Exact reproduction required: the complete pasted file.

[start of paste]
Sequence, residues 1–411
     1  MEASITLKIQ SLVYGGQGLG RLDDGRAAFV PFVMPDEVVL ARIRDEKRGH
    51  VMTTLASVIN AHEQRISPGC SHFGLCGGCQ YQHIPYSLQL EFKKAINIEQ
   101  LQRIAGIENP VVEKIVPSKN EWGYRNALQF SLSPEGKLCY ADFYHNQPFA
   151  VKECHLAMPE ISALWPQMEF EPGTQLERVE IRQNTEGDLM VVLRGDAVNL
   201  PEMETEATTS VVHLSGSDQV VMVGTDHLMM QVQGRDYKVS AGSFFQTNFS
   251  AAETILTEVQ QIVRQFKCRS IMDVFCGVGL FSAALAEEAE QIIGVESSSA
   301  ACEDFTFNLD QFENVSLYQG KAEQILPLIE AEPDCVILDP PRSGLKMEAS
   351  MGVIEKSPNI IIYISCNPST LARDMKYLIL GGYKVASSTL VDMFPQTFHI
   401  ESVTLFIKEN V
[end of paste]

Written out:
Sequence, residues 1–411
     1  MEASITLKIQ SLVYGGQGLG RLDDGRAAFV PFVMPDEVVL ARIRDEKRGH
    51  VMTTLASVIN AHEQRISPGC SHFGLCGGCQ YQHIPYSLQL EFKKAINIEQ
   101  LQRIAGIENP VVEKIVPSKN EWGYRNALQF SLSPEGKLCY ADFYHNQPFA
   151  VKECHLAMPE ISALWPQMEF EPGTQLERVE IRQNTEGDLM VVLRGDAVNL
   201  PEMETEATTS VVHLSGSDQV VMVGTDHLMM QVQGRDYKVS AGSFFQTNFS
   251  AAETILTEVQ QIVRQFKCRS IMDVFCGVGL FSAALAEEAE QIIGVESSSA
   301  ACEDFTFNLD QFENVSLYQG KAEQILPLIE AEPDCVILDP PRSGLKMEAS
   351  MGVIEKSPNI IIYISCNPST LARDMKYLIL GGYKVASSTL VDMFPQTFHI
   401  ESVTLFIKEN V